I have a dream of outfitting our future home with a solar array and wind turbines, so I spent some of my vacation learning about solar cells and ways I can apply them in the home-building plans.
I wanted to be on the cheap, so I got some $1 solar yard lights to harvest the cells.
To my surprise, I found that they are powered by a 350 mAh Nickel Cadmium AA Battery. There was also some simple circuitry and a small, low watt LED.
I took it all apart, carefully peeling the cell from the hot glue and hooked up a voltmeter. I got about 2.5 volts in overcast and 4 volts in direct sunlight. I discovered that in the sunlight it puts out about 25 milliamps. Not a lot. I guess that makes this a 0.1-0.2 Watt solar cell. Pretty weak, but enough to charge a small battery.
I want to be able to pump out a constant 5v, so I got all my cells out and constructed a small array of three parallel sets of two cells in series. I also made some circuitry to regulate the cells: a 5V regulator, a one way diode, and a few capacitors. In the direct sun, I was able to get 4.7 volts and 100 milliamps. Overcast, the voltage dropped to 2.7.
In only direct sunlight can it get a phone to recognize a charge state, but I would like it to happen during overcast too. I changed up the layout of the solar cells to have 2 parallel sets of 3 cells in series. This upped the voltage in overcast to 4.7 after being regulated, but the amps went way down. I put the array and phone in a place that had good amount of sun (ironically on the watt meter) facing south. Left it there for an hour with a dead battery in phone. Came back and found 2 percent when I turned it on. Not a lot of charge, but got the proof of concept I wanted to achieve.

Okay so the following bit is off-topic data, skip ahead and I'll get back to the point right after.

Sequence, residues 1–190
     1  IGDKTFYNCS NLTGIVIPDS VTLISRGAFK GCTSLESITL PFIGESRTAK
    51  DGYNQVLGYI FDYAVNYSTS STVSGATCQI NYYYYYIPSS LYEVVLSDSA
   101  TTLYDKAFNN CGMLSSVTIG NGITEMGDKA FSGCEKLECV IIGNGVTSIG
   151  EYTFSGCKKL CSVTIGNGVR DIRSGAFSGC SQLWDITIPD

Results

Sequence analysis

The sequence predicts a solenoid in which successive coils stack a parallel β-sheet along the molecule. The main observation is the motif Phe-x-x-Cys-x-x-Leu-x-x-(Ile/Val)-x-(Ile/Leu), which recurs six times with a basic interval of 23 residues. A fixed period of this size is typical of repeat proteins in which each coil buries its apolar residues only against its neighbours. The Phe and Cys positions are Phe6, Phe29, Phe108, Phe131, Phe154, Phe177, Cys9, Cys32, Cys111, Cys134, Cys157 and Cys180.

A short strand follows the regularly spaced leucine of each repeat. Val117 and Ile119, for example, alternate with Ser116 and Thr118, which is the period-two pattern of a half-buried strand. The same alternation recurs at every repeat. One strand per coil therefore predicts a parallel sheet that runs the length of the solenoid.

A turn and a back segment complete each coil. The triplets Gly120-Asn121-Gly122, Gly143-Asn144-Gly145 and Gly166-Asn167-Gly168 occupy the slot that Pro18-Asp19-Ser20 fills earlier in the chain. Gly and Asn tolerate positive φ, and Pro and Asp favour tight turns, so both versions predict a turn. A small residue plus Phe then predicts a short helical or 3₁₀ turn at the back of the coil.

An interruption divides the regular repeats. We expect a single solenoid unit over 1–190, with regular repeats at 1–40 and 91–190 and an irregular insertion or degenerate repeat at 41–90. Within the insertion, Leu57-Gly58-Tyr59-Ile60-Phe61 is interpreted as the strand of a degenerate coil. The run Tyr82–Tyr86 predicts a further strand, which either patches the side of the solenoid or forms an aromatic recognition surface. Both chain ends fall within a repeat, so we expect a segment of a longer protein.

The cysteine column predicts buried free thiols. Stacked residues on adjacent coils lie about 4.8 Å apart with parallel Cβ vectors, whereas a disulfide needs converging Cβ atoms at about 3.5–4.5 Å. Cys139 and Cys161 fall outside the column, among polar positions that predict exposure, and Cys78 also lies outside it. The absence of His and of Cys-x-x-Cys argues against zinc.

What would I do differently next time? If I were to do this again (and I might), I would order some cheap cells on ebay. The allpowers 5V 150mA ones look promising. Two of those in parallel would provide enough power to charge a phone while in use. Maybe I will do that next month or so… when the sun finally comes out.